Anyway, I'm a junior in college, and I got a job in a residence hall this year, so I'm here rather earlier than the other students for training. We had a health presentation yesterday, which was all fine and dandy right up until they went into sex health education mode. Now, I'm all for getting the sexual kids to use condoms and get HIV testing if they're at it anyway, and am even in favor of the free condom baskets they put in the res hall restrooms (despite the fact that seeing them there makes me feel a little uncomfortable), but I don't like the way they present sexual activity among students. They tend to imply that all healthy, normal people my age are going at it like bunnies, and I remember that even as a freshman (when I had not admitted my orientation even to myself) it made me feel uncomfortable about my own attitude toward sex. Since such a large number of people are entirely unaware of the asexual mini-revolution, I'm afraid that there are probably more incoming freshmen who, like me as of a few years ago, think that they're just weird or unhealthy and don't want to admit that they're not into sex for fear of social repercussions. My school provided me with all of one pamphlet about abstinence, and my mother had to find it on the table outside one of the presentations at orientation, since it was not handed out along with the other materials on student sexuality.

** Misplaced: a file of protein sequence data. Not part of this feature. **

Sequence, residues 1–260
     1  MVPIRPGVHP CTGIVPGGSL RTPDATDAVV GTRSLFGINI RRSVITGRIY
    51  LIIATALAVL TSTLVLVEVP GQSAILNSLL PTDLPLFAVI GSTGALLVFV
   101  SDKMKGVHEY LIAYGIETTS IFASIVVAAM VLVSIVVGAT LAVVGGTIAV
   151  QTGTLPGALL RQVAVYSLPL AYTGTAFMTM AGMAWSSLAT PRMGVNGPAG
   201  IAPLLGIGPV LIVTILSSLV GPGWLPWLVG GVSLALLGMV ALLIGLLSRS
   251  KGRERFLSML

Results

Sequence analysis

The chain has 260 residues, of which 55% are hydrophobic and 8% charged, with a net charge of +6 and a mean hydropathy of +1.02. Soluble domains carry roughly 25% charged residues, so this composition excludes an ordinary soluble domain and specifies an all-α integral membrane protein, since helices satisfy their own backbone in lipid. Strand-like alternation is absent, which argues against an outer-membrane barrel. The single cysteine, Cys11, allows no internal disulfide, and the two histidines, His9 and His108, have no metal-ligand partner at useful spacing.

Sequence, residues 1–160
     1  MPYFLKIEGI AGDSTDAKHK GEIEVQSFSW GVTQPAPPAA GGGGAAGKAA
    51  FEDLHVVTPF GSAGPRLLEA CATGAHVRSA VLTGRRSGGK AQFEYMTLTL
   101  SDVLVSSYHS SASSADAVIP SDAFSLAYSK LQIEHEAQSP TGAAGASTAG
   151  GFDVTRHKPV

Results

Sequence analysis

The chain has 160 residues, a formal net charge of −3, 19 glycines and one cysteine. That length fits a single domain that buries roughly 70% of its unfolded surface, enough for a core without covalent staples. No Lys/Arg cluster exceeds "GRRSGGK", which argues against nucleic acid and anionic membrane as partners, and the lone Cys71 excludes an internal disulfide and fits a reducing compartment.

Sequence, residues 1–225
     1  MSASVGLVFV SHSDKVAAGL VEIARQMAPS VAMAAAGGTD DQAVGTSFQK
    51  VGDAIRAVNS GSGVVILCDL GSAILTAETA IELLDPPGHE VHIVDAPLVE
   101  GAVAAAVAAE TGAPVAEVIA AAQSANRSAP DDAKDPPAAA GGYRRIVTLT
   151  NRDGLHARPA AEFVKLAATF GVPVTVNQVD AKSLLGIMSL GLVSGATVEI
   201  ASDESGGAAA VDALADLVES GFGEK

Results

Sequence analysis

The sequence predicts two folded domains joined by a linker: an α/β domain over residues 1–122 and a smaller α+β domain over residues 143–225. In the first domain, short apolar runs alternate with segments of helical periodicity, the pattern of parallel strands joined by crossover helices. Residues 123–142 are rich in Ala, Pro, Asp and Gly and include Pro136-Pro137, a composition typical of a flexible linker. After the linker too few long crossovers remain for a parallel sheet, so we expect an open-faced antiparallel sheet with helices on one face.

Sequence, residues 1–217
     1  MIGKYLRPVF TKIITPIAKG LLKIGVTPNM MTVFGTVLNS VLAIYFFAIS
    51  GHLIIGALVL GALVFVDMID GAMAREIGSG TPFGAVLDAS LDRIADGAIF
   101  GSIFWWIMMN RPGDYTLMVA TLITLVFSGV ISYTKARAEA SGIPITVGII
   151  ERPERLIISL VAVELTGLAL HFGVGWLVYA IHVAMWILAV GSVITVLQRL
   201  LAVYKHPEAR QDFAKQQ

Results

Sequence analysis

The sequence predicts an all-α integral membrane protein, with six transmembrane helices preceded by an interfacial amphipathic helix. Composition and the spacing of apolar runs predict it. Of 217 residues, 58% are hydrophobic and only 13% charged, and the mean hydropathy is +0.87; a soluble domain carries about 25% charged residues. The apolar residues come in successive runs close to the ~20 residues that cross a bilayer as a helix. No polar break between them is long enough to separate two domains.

Anyway, the point is that I've contacted the GLBT resource center on campus and informed them of what I see as a serious problem. While I don't personally identify as queer, they're the only people I could think of who might take an interest in the issue. I have yet to get a response, but it is, after all, the weekend, and they're probably shortstaffed since the majority of students aren't here yet. I'm seriously hoping that I can help establish resources for asexual students, particularly incoming freshmen and the people who are working with them during orientation. I'm sick and tired of feeling like the wellness offices are pushing me into having sex, and with any luck, I'm not the only one.
I'll keep you informed of any responses I get.
ETA (not that I expect this post to be reread, but until something more substantial comes up, I don't want to make a new one): I got a response.
Thank you so much for your email and all that you shared. Yes, you are right, there is not a lot of visible support, information for students who identify as asexual. We do try to talk about asexuality in our programs and services, but yes, much of the education on campus about sexuality is targeted towards non-asexual students. All this being said, I would love to support you in any way possible. If you would like to meet sometime and chat? That would be great.
I won't have time to go have a chat until at least this weekend, and asked if Saturday would work. If not, I'll have to figure out something a little later on.